soap may, like the white, be simply
True happiness can only be attained through
dissolved and left to stiffen a little to
the love ol’ God.
be used as soft soap.— Ladic»' Home
INVENTIONS OFTHE 10TH CENTURY. Journal.
The steamboat, the reaoer, the sewing machine
Cars running by night and by day.
Houses light»*« by gas and heated by steam.
And bright electricity’s ray.
NERVOUS LoH»e»t.rhl««a,i M^i.urk ta»pou- grower lias figured p omiQently
deii('v, &c„ due to excesses or abuse, cured.
YOUNG MEN of youthful follies or indis polities for tlie past 20 yeftWi &nd h¡)
cretion should avail themselves of our ^r‘‘ftkDH‘nL
Bent whalebone can be restored and used
again by simply soaking in water u few hours,
then drj lug them.
White Elephant of Siam, Lion of Eng
land, Dragon of China, Cross of Switzer
land, Banner of Persia, Crescent of Egypt,
Don ide Eagle of Russia, Star of Chili, The
Circle of .Japan, Harp of Erin.
To get these buy a box of the genuine
D r . C. M c L ane ’ s C elebrated L iver
P ills , price 2-5 cents, and mail uh the out
side wrapper with vour address, plainly
written, and 4 cent*, in stamps.
then mail you the above list with an ele
gant package of oleographic and chro
F leming B ros ., P ittsburg , P a .
1st Premiums. 25,000 in um ,
R^ r ÍS i I m SÍ q V ‘¿0 Yuar8 Established. New
1 TO 5 DAYS.
Mfd only by th«
hi use ___
In no other
_. -. _ Piano, . by
stand in tune 20 years, good fur 100 ; not affected
by climate. No wood to split, break, swell, shrink,
crack, decay, or wear out; we guarantee it. Ele
gant Rosewood Casus, 8 strings, double repeating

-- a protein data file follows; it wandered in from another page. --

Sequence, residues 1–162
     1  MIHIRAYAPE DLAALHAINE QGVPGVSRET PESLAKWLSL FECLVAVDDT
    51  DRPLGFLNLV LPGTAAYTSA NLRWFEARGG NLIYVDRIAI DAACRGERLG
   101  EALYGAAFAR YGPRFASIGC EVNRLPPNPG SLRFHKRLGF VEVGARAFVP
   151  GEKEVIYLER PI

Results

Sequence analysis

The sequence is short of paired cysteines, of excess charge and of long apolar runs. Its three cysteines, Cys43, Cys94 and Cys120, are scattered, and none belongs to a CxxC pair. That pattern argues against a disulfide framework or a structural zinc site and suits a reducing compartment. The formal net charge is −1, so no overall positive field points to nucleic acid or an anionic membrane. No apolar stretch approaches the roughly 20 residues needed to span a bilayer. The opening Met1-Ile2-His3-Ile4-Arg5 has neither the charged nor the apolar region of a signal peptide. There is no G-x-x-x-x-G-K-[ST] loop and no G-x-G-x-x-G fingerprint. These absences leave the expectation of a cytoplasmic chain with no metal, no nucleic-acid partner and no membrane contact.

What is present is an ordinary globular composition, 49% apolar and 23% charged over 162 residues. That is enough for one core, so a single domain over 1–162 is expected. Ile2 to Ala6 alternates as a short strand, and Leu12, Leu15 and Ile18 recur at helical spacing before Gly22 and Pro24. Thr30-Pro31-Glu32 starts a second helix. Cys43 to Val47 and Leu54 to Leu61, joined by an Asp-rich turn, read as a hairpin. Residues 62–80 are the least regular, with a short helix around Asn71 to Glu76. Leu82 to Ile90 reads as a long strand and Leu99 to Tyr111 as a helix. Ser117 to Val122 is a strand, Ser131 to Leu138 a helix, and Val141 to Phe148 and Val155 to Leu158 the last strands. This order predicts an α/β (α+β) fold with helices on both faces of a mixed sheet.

action; finest ivory keys; the Famous ANTISELL
Cull or write fi r Catalogue, free. T. M. ANTISELL
PIANO CO , Manufacturers, Odd Fellows’ Hall, Mar.
ket and Seventh Streets, San Francisco.
Big CJ uas given anive^
sal satisfaction in the
cure of Gonorrhcea and
Gleet. I prescribe it and
feel safe in recommend
ing it to all sufferers.
A. J. STONER, M.D.,
PRICE Si.00. „
Sold by Druggists.
introduce it into A MILLION
FAMILIES we otter tho
CIFINU/AY KHWICII. VKAsKs
□ I cm n H I . bach . Gabler, Roentet
PUnof«; Burd.'U OrsauB. band lostrumenti.
Btock «if Hbeet Music sod BcokH Band» Buiiplled at
KaBU-ru 1’rlca» MATTHIAS URAY OO.. itM P ub
•treat. Ran Frannfann
to JAN’Y, 1889
Four months—balance of this year,
ON RECEIPT OP
ONLY in CENTS
H. T. HUDSON
Breakfast and Dinner
Cooking, Dainties and Desserts, Teas, Sup-
__ _______ ____
_____ _ Gives ex
plicitly all the little details women want to
know. 1 ells how to entertain guests, how to
serve refreshments, what to have and how to
make it. Everything new and original, practi
cal and well tested by experts. Accompanying
the recipes will be remarks upon pretty table ad
juncts, methods of serving and waiting, gar
nishing, table manners ana etiquette.
Children’s Page—Illustrated Stories.
Flowers and House Plants—finely illus
trated articles, edited by E bfn E. R exford ,
with “Answers to Correspondents.”
Mother’s Corner—A page devoted to the
care of infants and young children. Interesting
letters from Subscribers giving views and meth